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Lost Souls   D

New Line Cinema

Year Released: 2000
MPAA Rating: R
Director: Janusz Kaminski
Writer: Pierce Gardner
Cast: Winona Ryder, Ben Chaplin, John Hurt, Philip Baker Hall, Elias Koteas.

Review by Jeremiah Kipp

"I don't think I've seen such a violent response to a movie -- ever!" muttered my angry colleague after watching a furious audience boo, hiss and curse at the screen after Lost Souls. When we left the theater, said colleague complained that she never got to see El Diablo appear like a fiery dragon to wage war on humankind.

Without benefit of a special effects extravaganza to make up for the gaffes in logic, credibility, entertainment value or good craftsmanship, audiences were furious at the anti-climactic exchange between exorcist chick Maya Larkin (Winona Ryder) and the man who might be the Anti-Christ, Peter Kelson (Ben Chaplin). It's the moment of truth -- is he or is he not the devil man? Terse dialogue follows and then...

Think of the air going out of a balloon -- there's the ending of Lost Souls.

Indeed, movies such as this one make other recent Anti-Christ flicks like End of Days and Stigmata look like accomplished films. At least those films had a clear beginning, middle and end.

Ahem, on with the plot. A team of priests convene to exorcise the devil out of a criminally insane psycho named Henry Birdson (googly eyed John Diehl). We know it's all grim and portentous because the walls are gray and drab, the music is eerie and foreboding, the actors all look tense and grim, and every single light source coming through a doorway or window is blown out -- sorta like Heavenly Light! (In fact, every single shot in the movie has that Heavenly Light! Enough, already!)

John Hurt is the respectable British actor with the world-weary face who will perform this exorcism. He is joined by reliable character actor Elias Koteas as the Intense Stooge. Winona Ryder plays the Former Drug Addict Turned Exorcist Lady Who Was Once Exorcised Herself. The owner of the asylum tells them she doesn't want them to perform the ritual, but they don't listen. They're too terse to listen. They're on a mission.

WHAM! BAM! FLASHES OF WHITE LIGHT AND THE SCREAMS OF LEGIONS OF TORMENTED SOULS!

Five minutes later, the honorable John Hurt is in a coma. The lucky fellow pretty much gets to stay in bed for the rest of the movie, eyes closed. I'm happy he got a quick, easy paycheck.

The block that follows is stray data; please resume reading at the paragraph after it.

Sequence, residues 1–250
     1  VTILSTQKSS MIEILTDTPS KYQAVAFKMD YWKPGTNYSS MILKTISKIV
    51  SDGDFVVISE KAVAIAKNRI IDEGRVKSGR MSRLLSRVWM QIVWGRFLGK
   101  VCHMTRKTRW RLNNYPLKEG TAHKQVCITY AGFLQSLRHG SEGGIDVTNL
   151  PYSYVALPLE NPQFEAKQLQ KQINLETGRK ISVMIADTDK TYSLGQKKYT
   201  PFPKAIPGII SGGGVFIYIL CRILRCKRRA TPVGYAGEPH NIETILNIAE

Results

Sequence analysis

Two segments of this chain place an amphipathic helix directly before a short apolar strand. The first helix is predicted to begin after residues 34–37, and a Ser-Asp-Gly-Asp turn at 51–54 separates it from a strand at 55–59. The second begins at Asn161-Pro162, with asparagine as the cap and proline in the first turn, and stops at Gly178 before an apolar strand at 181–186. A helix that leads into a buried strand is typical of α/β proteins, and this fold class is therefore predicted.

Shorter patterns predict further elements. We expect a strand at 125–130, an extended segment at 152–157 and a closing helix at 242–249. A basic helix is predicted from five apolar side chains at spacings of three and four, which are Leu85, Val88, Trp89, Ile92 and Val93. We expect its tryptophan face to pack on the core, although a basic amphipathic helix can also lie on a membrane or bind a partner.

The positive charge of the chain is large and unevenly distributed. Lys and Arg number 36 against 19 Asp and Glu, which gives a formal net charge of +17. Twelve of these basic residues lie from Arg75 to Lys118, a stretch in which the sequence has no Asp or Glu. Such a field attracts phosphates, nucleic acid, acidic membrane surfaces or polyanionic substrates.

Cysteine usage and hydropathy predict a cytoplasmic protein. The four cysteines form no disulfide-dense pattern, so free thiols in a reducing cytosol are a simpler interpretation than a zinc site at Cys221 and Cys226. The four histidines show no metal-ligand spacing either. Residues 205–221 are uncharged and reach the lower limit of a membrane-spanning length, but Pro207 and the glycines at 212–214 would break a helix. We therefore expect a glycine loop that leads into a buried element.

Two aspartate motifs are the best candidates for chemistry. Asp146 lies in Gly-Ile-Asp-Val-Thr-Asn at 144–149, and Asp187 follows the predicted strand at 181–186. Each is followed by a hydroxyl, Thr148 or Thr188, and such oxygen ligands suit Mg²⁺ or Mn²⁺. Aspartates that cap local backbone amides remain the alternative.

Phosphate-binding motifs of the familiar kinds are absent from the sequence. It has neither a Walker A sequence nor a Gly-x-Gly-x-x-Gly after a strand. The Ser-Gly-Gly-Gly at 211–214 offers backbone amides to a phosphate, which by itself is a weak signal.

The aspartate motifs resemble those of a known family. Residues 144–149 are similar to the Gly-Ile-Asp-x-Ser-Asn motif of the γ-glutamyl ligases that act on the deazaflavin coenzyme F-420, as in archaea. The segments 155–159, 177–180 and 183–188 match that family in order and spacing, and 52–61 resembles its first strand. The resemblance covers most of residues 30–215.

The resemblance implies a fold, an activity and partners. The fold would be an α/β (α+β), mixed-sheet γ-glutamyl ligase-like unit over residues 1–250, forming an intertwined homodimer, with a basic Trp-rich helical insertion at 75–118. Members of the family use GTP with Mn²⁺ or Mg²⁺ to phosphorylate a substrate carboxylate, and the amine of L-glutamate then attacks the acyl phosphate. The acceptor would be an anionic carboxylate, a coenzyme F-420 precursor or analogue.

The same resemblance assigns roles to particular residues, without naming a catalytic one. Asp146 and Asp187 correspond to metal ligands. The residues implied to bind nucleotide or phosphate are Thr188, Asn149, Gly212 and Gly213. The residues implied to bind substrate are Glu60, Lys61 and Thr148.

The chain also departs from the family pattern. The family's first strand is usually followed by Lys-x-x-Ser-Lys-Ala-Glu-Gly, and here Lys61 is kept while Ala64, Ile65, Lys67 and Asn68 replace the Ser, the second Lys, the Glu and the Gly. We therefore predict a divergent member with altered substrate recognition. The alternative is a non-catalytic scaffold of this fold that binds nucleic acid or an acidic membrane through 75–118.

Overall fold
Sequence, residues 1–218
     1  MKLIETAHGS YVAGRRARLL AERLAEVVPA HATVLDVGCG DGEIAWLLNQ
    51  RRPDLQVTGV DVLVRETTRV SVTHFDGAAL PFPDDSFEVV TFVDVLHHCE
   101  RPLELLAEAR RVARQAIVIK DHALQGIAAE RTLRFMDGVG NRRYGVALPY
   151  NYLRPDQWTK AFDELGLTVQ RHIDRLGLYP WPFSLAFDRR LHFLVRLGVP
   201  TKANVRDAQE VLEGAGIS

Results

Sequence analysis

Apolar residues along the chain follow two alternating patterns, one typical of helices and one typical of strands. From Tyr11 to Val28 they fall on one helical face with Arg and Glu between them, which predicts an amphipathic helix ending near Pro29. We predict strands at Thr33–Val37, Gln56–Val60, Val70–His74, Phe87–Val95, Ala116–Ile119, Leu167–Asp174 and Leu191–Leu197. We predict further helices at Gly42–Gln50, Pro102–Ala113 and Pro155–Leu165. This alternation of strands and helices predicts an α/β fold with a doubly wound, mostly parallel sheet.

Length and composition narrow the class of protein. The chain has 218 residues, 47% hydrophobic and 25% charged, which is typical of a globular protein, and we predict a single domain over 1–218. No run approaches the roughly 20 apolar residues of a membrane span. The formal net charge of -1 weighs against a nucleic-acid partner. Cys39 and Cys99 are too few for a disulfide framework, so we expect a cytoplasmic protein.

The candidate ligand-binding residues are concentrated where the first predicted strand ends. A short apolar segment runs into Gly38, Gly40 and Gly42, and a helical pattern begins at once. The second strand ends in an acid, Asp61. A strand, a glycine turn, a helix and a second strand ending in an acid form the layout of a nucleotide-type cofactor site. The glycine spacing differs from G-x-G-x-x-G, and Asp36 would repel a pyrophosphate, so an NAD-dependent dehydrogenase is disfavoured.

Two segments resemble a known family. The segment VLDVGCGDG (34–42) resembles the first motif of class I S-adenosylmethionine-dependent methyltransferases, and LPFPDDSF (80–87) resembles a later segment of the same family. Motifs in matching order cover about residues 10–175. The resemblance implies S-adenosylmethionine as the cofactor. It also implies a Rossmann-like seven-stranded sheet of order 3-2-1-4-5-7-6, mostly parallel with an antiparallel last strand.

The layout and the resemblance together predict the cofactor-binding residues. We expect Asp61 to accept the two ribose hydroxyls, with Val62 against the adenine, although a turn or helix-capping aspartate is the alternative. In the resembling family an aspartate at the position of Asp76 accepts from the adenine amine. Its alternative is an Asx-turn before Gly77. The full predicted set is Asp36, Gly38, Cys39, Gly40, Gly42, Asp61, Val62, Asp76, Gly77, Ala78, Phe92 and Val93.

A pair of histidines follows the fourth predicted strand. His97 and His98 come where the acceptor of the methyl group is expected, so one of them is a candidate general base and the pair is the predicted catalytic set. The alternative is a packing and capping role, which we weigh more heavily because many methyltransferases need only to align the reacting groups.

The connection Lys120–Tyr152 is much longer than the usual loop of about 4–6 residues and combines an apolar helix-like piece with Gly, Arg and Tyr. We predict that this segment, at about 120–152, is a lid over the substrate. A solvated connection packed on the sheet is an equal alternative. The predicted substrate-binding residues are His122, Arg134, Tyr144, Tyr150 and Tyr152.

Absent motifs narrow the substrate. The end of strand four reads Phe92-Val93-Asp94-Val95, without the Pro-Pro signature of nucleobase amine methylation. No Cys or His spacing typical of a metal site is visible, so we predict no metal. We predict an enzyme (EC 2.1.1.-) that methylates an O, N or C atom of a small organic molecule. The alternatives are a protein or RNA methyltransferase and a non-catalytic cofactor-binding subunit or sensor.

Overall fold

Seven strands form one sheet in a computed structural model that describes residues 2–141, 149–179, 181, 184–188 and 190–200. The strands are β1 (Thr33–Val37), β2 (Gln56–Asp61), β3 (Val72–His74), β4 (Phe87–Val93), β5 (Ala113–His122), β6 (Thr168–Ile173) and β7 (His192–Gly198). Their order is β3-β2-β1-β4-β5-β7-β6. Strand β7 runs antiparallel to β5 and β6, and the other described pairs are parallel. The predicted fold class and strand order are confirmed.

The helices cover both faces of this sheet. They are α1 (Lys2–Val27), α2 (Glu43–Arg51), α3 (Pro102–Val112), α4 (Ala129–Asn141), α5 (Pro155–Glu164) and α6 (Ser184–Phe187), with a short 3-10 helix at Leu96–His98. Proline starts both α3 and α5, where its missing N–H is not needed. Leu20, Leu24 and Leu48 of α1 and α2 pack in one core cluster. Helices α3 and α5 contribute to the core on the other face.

Our valiant team of exorcists have discovered through this horrible ordeal that the Anti-Christ walks among us. It takes them a good hour to figure this out for certain, but the trailers pretty much blew the secret. Peter Kelson (Chaplin) will turn into the Son of the Devil on his 33rd birthday, which is creeping up pretty fast.

Poor Mr. Kelson -- he doesn't know he's Satan's spawn. He drifts through his mundane life as a crime reporter with a pretty girlfriend (Sarah Wynter) and a lovely New York apartment. His only problem seems to be his lack of religious faith and those terrible dreams he keeps having about a mysterious book. Sure enough, Winona Ryder pops up and tells him what's in store for him.

After the requisite "I don't believe you -- leave me alone, you crazy woman!" scenes, Ryder and Chaplin drive around the city searching for -- what? Proof that he's the devil? A way to stop him from becoming evil on his birthday? Means to get the devil out of him? A way to figure out how to save him without blowing his brains out? It's never clear exactly what they're after or hope to accomplish.

People chase after them for various and sundry reasons which go unexplained but are supposed to be scary. Statues of Jesus fall randomly. Dare I say some of the seemingly good guys are villains in disguise? What is Philip Baker Hall (the quiz show host from Magnolia) doing here as a mysterious uncle?

After watching a supporting character die before them, why do our two heroes go out for a cup of coffee and friendly chat 20 minutes later, behaving as if nothing is wrong?

Why is a murder suspect's house completely open to the general public? Wouldn't the police have boarded it up with yellow tape? Wouldn't some cops be on the scene?

Wouldn't it be better if the devil worshippers were chasing after the exorcist team and trying to kill them if they were interfering with the nefarious plan to bring the Anti-Christ into the world? Why are they so passive?

Details, baby, details.

And when will they stop using the bleach bypass process, painfully drawn out slow motion shots, rainy scenes and flashlights in dark rooms in "scary movies"...? I don't recall any of those elements playing any part in The Exorcist, which holds up remarkably well today!

Indulge me for a moment. I know this is the year of The Exorcist, which is a great movie and the high water mark of demonic possession films. However, haven't we had enough of the devil-man in 1999-2000?

Unfortunately, while those were all pretty lousy films, Lost Souls trumps each of them for being (a) incoherent, (b) laughable, (c) filled with characters who we aren't given the opportunity to care about, (d) laden with unconvincing performances (Ryder as an intense exorcist?) and (e) stuck with no bang in the finale.

Shame on Meg Ryan for producing this movie. Shame on director Janusz Kaminski, cinematographer on several of Spielberg's recent films, for making every dingy shot look the same. Shame on Winona Ryder for once again trying hard to be "moody and intense". If nothing else, I have faith in audiences who will, judging from the angry response at the screening, turn their backs on Lost Souls and bring an end to this exhausted trend in horror movies.

Review published 10.20.2000.

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